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Business deals

Toyota and SoftBank tackle self-driving costs with Uber

Japanese partners form a tighter 'family' through $1bn infusion

Toyota will contribute up to $300 million to fund Uber's quest to develop and commercialize automated ride-sharing.   © Uber Technologies

NAGOYA, Japan -- SoftBank Group and Toyota Motor aim to bring the sky-high costs of developing autonomous mobility down to earth by joining Uber Technologies' push for the technology.

The SoftBank Vision Fund, Toyota and the automaker's supplier affiliate Denso collectively will invest $1 billion in Uber Advanced Technologies Group for a nearly 14% stake. 

Toyota will also contribute up to $300 million in additional funding over the next three years to underwrite Uber's research and development. The two sides will jointly develop the self-driving kits needed to mass-produce autonomous vehicles for ride-hailing services. Denso, which manufactures auto parts, will collaborate in developing sensors, cameras and other principal components.

Prohibitively high development costs make such collaboration inevitable. The technology packed into autonomous ride-hailing vehicles would drive the cost of each auto to "tens of millions of yen" (10 million yen equals $89,000) once they hit the market, said Masayoshi Son, SoftBank Group's chairman and CEO.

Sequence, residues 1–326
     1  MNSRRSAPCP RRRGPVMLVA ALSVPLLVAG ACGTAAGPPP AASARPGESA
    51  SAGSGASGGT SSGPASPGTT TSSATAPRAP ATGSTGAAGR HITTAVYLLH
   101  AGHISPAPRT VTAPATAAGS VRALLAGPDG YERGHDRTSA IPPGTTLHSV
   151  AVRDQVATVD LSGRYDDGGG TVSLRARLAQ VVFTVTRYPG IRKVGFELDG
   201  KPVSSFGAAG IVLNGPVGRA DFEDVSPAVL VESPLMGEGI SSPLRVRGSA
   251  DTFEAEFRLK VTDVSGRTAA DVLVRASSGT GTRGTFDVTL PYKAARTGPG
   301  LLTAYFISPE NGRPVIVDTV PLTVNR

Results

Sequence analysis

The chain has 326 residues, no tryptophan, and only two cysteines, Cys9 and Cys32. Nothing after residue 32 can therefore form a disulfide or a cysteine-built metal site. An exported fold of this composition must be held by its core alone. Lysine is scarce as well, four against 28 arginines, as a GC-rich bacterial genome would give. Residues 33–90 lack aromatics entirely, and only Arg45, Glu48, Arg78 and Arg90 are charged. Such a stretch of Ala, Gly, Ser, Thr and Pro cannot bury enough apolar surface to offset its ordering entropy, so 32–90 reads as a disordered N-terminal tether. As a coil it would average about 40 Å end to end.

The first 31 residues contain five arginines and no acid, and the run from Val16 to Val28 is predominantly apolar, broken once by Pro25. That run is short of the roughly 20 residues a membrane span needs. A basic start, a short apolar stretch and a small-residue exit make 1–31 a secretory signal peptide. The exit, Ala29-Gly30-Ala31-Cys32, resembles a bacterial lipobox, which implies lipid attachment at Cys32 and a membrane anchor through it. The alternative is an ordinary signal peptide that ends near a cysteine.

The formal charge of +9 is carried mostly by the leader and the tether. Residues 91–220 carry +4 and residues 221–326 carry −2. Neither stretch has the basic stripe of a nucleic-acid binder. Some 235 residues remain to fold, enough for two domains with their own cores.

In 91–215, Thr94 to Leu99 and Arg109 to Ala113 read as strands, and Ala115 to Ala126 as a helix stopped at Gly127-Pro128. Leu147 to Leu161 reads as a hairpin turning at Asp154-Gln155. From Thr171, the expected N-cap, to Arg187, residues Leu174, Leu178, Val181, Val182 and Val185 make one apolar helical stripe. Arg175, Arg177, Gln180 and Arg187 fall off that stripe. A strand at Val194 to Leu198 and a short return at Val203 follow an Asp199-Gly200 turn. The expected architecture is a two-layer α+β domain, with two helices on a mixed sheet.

While SoftBank and Uber both have financial power, Toyota and Denso can offer expertise in cost reduction and mass production.

The investment in Uber ATG also represents a new phase in the collaborative relationship between Toyota and SoftBank. 

The companies have separately acquired stakes in Uber and rivals such as Southeast Asia's Grab, but this is the first time the two Japanese companies invested in a target at the same time. Last fall, the pair agreed to establish a joint venture intended to roll out on-demand buses and similar transportation services. 

Toyota commands what President Akio Toyoda calls "real-world competitive advantage" in its manufacturing base along with sales and maintenance networks, while SoftBank, as stakeholders in ride-share companies, controls 90% of the market in terms of the number of rides. When SoftBank Group announced its tie-up with Toyota last fall, Son said the two companies will form a "family" through the joint venture.

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